German sporting dominance was often viewed with an air of suspicion on the British Isles, thanks to World War sentimentality, relative economic strength, and historical state-sponsored doping for political gain by the East Germans.
Jürgen Klinsmann never represented the East, but he still drew abuse when he first took to British shores to sign for Tottenham in 1994. He had a reputation as a diver, which was blasphemy for an English crowd used to blood and guts displays in the spirit of Terry Butcher.
Klinsmann responded by diving ironically after scoring in a 4-3 thriller against Sheffield Wednesday on the opening day of the season. He always has an answer for his critics, and the statistics prove that he’s one of the most potent strikers in recent history. He won practically every trophy he was eligible for, with broken hearts and fractured teams often left by the wayside as he progressed through a nomadic career.
There was a time when the thought of coming up against ‘The Golden Bomber’ used to scare opposing defenders and fans alike, and there was no doubting his importance to the side when the forward was named as the captain of the reunified German national team in 1994.
In later years he went on to manage Germany during the beginning of their recent renaissance, and he eventually coached Bayern Munich and the US national team in the high definition era. Despite his achievements, he’s still remembered for going to ground too easily, and for taking half a decade to split the American soccer public.
It’s clear that Klinsmann still divides opinion depending on which side of the Atlantic you call home. Team USA may not agree, but most Tottenham fans are confident that his legacy will be unsullied when judged on merits that look past his recent history alone.
It’s worth recognising just how incredible he could be while he still had the chance to apply the final finish himself.
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When he turned professional at the age of 16, it was clear that Klinsmann had the talent to make it to the top. He was on the books at Stuttgart Kickers, and moved up to the first division in 1984 when he signed for their local rivals at the first possible opportunity. VfB Stuttgart were lucky to have a goalscoring prodigy on their books, but they also played an important role in terms of his formative education of the game. He wasn’t the biggest or the strongest but he was driven by abundant willpower and intelligence, giving him an edge if the opponent flinched.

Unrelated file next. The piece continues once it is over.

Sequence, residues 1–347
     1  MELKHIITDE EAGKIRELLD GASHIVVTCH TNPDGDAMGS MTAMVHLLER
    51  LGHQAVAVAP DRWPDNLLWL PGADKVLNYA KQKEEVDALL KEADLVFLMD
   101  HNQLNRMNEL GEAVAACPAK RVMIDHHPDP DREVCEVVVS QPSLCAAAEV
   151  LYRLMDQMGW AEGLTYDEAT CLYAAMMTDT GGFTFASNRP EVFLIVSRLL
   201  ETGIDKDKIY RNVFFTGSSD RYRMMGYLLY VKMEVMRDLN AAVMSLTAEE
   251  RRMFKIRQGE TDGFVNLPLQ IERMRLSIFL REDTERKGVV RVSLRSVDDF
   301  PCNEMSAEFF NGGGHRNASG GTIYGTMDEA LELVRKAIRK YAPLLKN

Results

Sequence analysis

VfB made it to the UEFA Cup final in 1988-89, although they ended up losing 5-4 on aggregate after a 3-3 draw in the second leg. It was clear that their young forward was destined to continue fighting for the best accolades available, moving on despite the brave showing by his team-mates in Europe. He was always loyal to the idea of furthering his career, and his next move could also be seen as a logical progression in terms of club size and international pedigree.
Inter Milan was Klinsmann’s next destination, with the Italian club hosting some of the most famous players of the era. He joined to learn under Giovanni Trapattoni, and the team had secured the league title with ease in the months leading up to his signing. The UEFA Cup was claimed during their second season, but the familiarity and success only seemed to breed contempt in his third year with the Italian side. The forward ended as their top scorer – as he generally tended to – but it was a disappointing season due to an eighth-place league finish and an embarrassing European Cup exit for the holders.
It was easier to move on, so he continued his tour of Europe with no regrets. He went on to Monaco in 1992, with his goals enough to propel the side to an unexpected second place finish in Ligue 1. They reached the semi-finals of the UEFA Cup in the following season before it all came apart at the seams once again. He got into public spats with his team-mates because of his perception that a number weren’t trying hard enough, and the squad split into rival camps. In a recurring theme, it was time to leave.
He signed for Tottenham in a deal which surprised many at the time. They were hardly in keeping with his previous picks, and Spurs were destined to finish seventh as they kept to their reputation as perennial nearly men.
The Premier League was a different beast back in 1994, but Klinsmann had no trouble adapting. In fact, he had already decided that the squad lacked the ability to challenge for major honours, and had no problem with vocalising his thoughts to the press and the chairman. It hadn’t worked in the past but he was quickly accepted after proving his ability at the Lane.
He ended the season as the FWA Footballer of the Year but his time with the club was cut short when Bayern Munich came calling in the summer. The ruthless streak that defined his career left him with no choice but to accept the offer of moving to a club that had a better chance of winning their domestic league, and it broke the heart of fans who thought he would stick around for at least one more year.